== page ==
The Life and Legacy of Laskarina Bouboulina: Feminist Alternatives to Documentary Filmmaking Practices
Householder, April Kalogeropoulos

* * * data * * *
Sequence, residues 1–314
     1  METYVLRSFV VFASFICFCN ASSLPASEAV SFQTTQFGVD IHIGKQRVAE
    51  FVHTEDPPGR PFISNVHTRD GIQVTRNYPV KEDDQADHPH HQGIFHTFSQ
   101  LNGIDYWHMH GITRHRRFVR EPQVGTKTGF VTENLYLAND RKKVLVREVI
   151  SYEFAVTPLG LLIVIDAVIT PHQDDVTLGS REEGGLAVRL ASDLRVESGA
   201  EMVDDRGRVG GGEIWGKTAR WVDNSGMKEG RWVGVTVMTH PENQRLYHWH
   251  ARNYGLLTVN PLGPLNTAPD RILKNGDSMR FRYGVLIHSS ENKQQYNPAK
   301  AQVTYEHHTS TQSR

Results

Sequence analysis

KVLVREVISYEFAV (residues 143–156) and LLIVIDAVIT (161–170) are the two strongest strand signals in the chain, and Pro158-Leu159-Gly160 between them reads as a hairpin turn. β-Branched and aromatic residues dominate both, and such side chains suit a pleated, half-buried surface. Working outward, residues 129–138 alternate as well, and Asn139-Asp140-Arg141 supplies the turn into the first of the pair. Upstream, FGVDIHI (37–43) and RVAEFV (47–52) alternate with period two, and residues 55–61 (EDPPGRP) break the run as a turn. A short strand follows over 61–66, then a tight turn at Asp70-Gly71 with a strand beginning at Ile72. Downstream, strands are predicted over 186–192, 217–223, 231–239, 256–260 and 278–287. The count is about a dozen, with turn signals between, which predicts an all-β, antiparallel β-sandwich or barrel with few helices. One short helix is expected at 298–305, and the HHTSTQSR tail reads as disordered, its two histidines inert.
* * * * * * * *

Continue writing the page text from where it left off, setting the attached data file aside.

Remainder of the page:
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When Michael Moore won the Academy Award in 2004 for his film Fahrenheit 9/11, the documentary re-emerged as an important critical discourse in the making of culture. As a political consciousness-raising tool, the documentary fits squarely into the goals of independent media activism. With the development of digital videomaking technologies, a distinctive means through which to explore the issues of culture, class, gender, ethnicity, and nationality that have been neglected in mainstream documentary filmmaking practices has emerged. Specifically, this new methodological approach to collecting, preserving, and analyzing history provides a voice for the stories that have been under-- and misrepresented in the consumption and production of biographies of women in film and literature. At the turn of the nineteenth century, a series of social, political, cultural, and economic events convened in Europe which enabled Greece to spark the War of Independence. This national instability provided a space for the emergence of a heroine who broke all established gender codes in the area of politics and on the battlefield: Laskarina Bouboulina (1771-1825). Over the course of her life, Bouboulina owned a successful merchant fleet, became an international diplomat, and was the only woman to join the Filike Etairia, an underground organization that prepared the Greeks for the war with the Ottomans. She is the first woman in world naval history to have earned the title of Admiral for her command of the Spetses fleet in crucial naval battles. Her life represents an alternative history to the masculinist and nationalistic depictions of the Greek War of Independence, as told in both Greek and Philhellenic literatures. It is a radical re-imagining of gender and the Greek identity in the nineteenth century, and foregrounds the many contributions made by women to modern Greek history. It also provides an alternative to the images of Greek women in the historical imaginary of Hollywood and other dominant media practices. Using historical documents and artifacts, interviews with Bouboulina's descendants and specialists in the fields of Greek and Ottoman History, live footage, music and artwork of the period, as well as contemporary film and media as grounds for cultural comparison, this hour-long documentary video synthesizes multi-media artifacts to create a critical pedagogy that explores the margins of Greek history through the life and times of one of Greece's most important revolutionaries.